President Obama plans to sign new congressional legislation that heaps more sanctions on Russia -- another blow to a country whose economy and global dominance already is struggling from earlier sanctions and falling oil prices.
White House spokesman Josh Earnest said Tuesday that Obama has misgivings about the legislation passed overwhelmingly last week in Congress, but still thinks it gives him the needed flexibility.
"The bite on the Russian economy is only becoming stronger," Earnest said.
The decision, coupled with economic developments in Russia, raise questions over whether Moscow is becoming more vulnerable.
Earnest's remarks came just hours after Russia’s central bank made a desperate attempt to prop up the country’s currency, the ruble, which has plummeted in value as the result of the lower oil prices in recent weeks and roughly eight months of Western sanctions imposed over Russia's involvement in Ukraine.
The ruble's collapse is expected to increase pressure on Russian President Vladimir Putin to end his foray into neighboring Ukraine.
Still, Putin maintains strong, widespread support among his people. So the new sanctions might not be the blow that forces him to pull back in Ukraine, Heritage Foundation scholar Luke Coffey said.
“We’re not at that point yet,” Coffey, the Margaret Thatcher fellow at the conservative think tank, said Tuesday. “We still have a long way to go before the population turns on Putin.”
Coffey argues in part that the sanctions largely target the Russian elite, so they will take some time to trickle down to the general population, and that a complete collapse of Russia is not in the West’s best interest.
“Who knows what sort of chaos will happen in that part of the world,” he told FoxNews.com. “The West has spent 30 years trying to integrate Russia into the global economy.”
In the aftermath of Ukraine residents ousting their pro-Moscow president in February and replacing him with more Western-friendly President Petro Poroshenko, the Russian Federation has annexed Ukraine’s Crimea Peninsula and backed armed, pro-Russian separatists elsewhere in the county’s eastern region.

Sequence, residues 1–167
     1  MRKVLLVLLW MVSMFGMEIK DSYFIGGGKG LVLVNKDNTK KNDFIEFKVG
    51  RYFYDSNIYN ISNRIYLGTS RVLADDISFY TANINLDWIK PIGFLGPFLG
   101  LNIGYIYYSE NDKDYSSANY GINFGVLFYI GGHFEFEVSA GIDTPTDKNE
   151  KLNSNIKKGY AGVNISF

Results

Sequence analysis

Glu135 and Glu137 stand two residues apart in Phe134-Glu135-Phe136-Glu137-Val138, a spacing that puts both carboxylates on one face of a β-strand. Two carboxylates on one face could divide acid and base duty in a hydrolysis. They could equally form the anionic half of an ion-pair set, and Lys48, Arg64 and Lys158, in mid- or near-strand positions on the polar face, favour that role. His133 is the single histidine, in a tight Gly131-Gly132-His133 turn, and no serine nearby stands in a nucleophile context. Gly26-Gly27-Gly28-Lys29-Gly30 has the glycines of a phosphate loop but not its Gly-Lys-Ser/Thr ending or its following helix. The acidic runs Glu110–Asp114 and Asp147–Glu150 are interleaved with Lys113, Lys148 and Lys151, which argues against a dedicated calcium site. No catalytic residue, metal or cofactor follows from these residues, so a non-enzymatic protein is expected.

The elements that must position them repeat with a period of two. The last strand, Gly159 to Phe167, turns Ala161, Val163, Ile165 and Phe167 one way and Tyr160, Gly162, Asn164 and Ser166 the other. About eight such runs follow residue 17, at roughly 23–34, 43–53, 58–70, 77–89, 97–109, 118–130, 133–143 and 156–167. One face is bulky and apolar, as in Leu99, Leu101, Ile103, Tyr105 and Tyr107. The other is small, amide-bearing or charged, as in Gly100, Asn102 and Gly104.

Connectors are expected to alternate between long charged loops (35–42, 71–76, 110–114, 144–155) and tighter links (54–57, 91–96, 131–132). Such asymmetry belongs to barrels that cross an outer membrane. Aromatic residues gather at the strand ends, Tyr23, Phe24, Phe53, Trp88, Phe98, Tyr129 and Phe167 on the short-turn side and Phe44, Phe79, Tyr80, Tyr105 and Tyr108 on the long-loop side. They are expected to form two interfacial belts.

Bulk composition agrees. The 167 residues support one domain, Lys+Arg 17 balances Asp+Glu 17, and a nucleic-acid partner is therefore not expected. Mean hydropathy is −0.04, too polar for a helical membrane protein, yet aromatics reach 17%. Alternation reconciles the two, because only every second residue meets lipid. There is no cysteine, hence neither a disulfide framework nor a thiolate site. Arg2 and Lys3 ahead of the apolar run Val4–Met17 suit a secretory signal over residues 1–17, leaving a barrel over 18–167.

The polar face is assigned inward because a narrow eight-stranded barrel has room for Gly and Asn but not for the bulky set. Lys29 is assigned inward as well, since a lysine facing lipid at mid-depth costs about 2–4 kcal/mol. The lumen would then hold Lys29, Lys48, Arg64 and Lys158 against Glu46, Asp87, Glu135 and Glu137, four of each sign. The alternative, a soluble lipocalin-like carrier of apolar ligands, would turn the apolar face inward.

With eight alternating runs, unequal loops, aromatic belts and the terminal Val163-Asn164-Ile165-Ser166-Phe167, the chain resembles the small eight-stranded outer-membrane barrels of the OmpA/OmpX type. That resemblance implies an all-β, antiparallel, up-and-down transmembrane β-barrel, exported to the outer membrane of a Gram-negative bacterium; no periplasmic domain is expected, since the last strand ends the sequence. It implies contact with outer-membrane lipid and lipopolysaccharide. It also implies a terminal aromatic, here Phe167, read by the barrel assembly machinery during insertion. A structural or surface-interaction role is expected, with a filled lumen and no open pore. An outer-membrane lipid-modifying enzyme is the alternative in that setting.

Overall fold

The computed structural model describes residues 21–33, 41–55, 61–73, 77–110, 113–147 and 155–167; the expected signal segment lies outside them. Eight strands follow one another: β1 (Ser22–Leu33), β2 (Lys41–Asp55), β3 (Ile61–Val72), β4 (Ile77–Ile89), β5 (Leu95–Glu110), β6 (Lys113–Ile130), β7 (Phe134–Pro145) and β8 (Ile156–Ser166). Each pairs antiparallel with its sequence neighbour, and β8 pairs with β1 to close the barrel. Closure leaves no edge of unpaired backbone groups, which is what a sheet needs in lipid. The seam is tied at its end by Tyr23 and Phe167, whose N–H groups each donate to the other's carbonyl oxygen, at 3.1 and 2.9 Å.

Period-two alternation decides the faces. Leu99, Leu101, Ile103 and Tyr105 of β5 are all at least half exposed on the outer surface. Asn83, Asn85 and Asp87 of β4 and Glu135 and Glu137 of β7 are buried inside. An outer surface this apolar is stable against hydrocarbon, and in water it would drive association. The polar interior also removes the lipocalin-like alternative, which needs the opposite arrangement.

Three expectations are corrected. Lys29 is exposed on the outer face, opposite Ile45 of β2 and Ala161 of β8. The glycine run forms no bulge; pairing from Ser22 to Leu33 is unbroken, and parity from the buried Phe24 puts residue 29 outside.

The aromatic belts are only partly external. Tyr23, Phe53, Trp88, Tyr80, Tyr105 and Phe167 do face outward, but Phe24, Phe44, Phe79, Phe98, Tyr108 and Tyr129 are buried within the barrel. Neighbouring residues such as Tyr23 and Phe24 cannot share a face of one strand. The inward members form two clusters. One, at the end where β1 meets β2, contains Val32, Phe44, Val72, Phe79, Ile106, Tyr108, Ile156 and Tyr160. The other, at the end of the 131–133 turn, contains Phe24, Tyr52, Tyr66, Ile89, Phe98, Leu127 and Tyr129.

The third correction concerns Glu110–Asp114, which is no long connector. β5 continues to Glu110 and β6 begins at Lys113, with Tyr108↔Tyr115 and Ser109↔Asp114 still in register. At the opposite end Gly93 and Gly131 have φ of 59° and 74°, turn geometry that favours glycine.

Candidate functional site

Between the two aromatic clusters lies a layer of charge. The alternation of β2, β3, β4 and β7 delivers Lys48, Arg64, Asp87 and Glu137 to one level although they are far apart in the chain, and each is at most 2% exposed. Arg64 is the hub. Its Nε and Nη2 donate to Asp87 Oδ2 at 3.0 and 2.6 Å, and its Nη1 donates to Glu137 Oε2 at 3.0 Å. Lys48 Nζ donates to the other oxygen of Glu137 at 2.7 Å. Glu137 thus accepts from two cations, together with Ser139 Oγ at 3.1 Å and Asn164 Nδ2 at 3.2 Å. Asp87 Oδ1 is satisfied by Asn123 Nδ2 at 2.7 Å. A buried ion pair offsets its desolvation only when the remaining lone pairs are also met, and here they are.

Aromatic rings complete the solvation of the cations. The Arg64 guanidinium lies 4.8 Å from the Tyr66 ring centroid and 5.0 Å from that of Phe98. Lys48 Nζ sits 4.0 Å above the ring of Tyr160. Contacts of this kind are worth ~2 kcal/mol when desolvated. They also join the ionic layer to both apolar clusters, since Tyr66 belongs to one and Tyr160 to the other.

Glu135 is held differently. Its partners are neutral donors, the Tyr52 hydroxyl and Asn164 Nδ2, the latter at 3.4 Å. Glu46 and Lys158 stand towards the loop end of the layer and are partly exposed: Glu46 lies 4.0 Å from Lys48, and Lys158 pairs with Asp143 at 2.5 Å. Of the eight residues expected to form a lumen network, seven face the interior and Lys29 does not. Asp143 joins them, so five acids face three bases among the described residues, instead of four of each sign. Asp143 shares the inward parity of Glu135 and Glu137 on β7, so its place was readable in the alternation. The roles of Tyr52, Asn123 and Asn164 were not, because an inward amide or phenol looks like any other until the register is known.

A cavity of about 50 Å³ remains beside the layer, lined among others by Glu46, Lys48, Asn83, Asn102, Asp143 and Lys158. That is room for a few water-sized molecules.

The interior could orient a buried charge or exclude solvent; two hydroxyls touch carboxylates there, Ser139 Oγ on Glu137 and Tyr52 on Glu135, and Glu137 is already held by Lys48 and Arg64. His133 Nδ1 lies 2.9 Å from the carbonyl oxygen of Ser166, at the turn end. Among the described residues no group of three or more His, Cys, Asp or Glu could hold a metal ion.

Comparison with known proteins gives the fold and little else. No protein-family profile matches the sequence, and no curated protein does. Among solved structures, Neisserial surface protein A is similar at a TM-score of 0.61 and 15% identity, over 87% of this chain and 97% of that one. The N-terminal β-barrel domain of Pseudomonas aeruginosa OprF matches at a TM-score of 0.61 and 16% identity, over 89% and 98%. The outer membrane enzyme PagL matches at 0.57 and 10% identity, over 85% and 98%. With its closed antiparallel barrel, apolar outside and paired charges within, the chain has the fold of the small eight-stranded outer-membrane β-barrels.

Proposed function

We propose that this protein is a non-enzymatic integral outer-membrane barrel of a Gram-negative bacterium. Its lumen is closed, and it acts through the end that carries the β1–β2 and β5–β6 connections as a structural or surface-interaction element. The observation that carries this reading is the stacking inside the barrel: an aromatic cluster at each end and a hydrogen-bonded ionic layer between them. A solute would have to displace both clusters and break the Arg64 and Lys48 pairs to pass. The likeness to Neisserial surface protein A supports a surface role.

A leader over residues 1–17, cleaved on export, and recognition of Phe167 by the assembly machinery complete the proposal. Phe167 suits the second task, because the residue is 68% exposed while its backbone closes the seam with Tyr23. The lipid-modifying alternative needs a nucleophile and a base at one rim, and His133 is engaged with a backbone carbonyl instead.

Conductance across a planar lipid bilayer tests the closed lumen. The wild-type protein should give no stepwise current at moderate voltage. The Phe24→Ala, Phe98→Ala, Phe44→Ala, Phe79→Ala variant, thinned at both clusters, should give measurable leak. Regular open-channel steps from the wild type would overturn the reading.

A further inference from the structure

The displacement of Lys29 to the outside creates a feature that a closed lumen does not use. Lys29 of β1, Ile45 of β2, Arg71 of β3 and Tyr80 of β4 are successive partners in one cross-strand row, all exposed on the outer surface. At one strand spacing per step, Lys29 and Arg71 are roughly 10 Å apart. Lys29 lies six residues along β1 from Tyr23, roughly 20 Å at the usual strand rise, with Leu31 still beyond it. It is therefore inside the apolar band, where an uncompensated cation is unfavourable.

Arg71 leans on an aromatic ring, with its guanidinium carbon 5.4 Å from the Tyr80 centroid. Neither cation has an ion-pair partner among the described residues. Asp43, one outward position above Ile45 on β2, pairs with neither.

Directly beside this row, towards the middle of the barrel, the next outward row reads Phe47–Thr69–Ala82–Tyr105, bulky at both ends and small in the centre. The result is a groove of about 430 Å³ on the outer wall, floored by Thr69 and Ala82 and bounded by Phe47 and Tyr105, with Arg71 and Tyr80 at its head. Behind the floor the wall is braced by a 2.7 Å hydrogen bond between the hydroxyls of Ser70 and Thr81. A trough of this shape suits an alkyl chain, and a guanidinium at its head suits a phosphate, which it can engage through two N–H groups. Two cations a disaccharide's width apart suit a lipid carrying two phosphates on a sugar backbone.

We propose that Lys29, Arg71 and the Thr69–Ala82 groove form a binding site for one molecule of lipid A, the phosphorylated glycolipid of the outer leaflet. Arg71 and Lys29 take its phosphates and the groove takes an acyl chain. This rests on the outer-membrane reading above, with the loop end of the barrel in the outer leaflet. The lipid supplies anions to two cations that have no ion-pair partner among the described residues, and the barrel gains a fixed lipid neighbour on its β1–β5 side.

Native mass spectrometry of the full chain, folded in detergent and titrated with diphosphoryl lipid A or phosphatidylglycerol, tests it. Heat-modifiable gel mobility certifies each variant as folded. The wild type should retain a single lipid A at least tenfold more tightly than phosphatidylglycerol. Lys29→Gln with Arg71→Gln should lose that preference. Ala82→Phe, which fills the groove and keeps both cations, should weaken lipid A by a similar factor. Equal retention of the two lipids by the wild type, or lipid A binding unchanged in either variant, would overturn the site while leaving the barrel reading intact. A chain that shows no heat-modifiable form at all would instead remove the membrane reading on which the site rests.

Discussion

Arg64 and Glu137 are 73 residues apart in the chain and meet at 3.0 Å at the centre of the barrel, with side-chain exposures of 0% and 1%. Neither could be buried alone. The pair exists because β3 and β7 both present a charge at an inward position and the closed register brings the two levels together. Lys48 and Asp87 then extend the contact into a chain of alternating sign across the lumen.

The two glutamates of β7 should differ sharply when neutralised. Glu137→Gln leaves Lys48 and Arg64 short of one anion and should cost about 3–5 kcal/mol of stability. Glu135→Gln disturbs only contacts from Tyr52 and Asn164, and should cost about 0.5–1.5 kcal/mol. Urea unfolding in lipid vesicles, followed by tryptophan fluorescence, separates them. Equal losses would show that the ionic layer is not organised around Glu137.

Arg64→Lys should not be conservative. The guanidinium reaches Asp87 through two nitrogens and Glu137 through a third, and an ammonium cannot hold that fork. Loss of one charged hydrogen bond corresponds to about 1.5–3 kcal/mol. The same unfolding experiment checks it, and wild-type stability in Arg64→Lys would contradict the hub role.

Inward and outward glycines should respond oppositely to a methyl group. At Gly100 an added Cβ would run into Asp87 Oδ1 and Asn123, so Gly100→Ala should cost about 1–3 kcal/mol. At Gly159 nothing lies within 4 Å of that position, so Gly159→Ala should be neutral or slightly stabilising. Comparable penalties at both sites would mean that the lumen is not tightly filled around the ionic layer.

The violent and often deadly clashes with pro-Ukraine government forces have resulted in the worst standoff between Russia and the West since the Cold War.
On Tuesday, Secretary of State John Kerry also said Putin has tried in recent days to ease tensions in eastern Ukraine and that Western nations are poised to ease existing sanctions.
Speaking in London, Kerry said the U.S.-European sanctions are intended to show Russia the price of its actions in Ukraine but argued the collapse of the ruble is the result “a lot of combined factors."
Still, Kerry, who met Monday with Russia's foreign minister in Rome, said the sanctions are designed to lead Putin into making different choices.
“These sanctions could be lifted in a matter of weeks or days, depending on the choices that President Putin takes,” said Kerry, who did not address the new congressional legislation.
Earnest said the White House has concerns about the legislation in part because it sends a confusing message to allies, considering some of the language “does not reflect the consultations that are ongoing."
Russia on Tuesday raised the ruble’s interest rate from 10.5 percent to 17 percent.
The falling price of oil hurts Russian economy because the country's precious natural gas supply is traded on the global market in the more valuable U.S. dollar. And Russia’s budget is based on oil selling for $100 a barrel, double the cost right now.
Republicans and Democrats, including House Speaker John Boehner, R-Ohio, have called on Obama to sign the sanction legislation immediately.
The bill would require the president to impose penalties on state-owned arms dealer Rosoboronexport and other Russian defense companies tied to unrest in Ukraine, Moldova, Georgia and Syria. The sanctions would be extended to individuals and entities that help the companies.
The bill also will give the president the authority to provide lethal and nonlethal military assistance to Ukraine. This includes anti-tank weapons, counter-artillery radar and tactical surveillance drones. The bill authorizes $350 million over two years to cover the cost.
"The territorial integrity of Ukraine must be restored and President Putin must understand that his destabilizing actions have serious and profound consequences for his country,” said Sen. Bob Menendez, D-N.J., chairman of the Foreign Relations Committee.
FoxNews.com's Joseph Weber and The Associated Press contributed to this report.